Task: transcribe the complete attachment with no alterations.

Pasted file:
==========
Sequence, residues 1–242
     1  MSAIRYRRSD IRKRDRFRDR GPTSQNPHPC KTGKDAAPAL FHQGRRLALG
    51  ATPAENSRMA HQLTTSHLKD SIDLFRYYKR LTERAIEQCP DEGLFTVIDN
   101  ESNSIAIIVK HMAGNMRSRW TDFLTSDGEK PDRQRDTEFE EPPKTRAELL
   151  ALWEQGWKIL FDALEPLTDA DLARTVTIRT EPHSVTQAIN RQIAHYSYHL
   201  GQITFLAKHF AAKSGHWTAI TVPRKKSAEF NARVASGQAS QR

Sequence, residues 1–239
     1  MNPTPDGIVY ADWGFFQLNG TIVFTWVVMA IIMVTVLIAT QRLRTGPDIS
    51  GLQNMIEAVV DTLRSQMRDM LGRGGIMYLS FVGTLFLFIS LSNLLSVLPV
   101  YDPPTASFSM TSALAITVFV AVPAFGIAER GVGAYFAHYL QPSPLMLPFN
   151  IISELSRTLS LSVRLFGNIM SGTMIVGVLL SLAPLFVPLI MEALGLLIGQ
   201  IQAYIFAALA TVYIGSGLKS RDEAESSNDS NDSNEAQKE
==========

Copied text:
Sequence, residues 1–242
     1  MSAIRYRRSD IRKRDRFRDR GPTSQNPHPC KTGKDAAPAL FHQGRRLALG
    51  ATPAENSRMA HQLTTSHLKD SIDLFRYYKR LTERAIEQCP DEGLFTVIDN
   101  ESNSIAIIVK HMAGNMRSRW TDFLTSDGEK PDRQRDTEFE EPPKTRAELL
   151  ALWEQGWKIL FDALEPLTDA DLARTVTIRT EPHSVTQAIN RQIAHYSYHL
   201  GQITFLAKHF AAKSGHWTAI TVPRKKSAEF NARVASGQAS QR

Sequence, residues 1–239
     1  MNPTPDGIVY ADWGFFQLNG TIVFTWVVMA IIMVTVLIAT QRLRTGPDIS
    51  GLQNMIEAVV DTLRSQMRDM LGRGGIMYLS FVGTLFLFIS LSNLLSVLPV
   101  YDPPTASFSM TSALAITVFV AVPAFGIAER GVGAYFAHYL QPSPLMLPFN
   151  IISELSRTLS LSVRLFGNIM SGTMIVGVLL SLAPLFVPLI MEALGLLIGQ
   201  IQAYIFAALA TVYIGSGLKS RDEAESSNDS NDSNEAQKE